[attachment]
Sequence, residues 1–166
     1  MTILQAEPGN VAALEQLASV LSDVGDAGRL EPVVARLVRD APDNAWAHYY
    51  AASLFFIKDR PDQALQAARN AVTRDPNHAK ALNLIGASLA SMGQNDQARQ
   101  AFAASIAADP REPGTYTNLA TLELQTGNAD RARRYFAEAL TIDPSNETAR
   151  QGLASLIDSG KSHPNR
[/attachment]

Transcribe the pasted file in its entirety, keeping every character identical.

Sequence, residues 1–166
     1  MTILQAEPGN VAALEQLASV LSDVGDAGRL EPVVARLVRD APDNAWAHYY
    51  AASLFFIKDR PDQALQAARN AVTRDPNHAK ALNLIGASLA SMGQNDQARQ
   101  AFAASIAADP REPGTYTNLA TLELQTGNAD RARRYFAEAL TIDPSNETAR
   151  QGLASLIDSG KSHPNR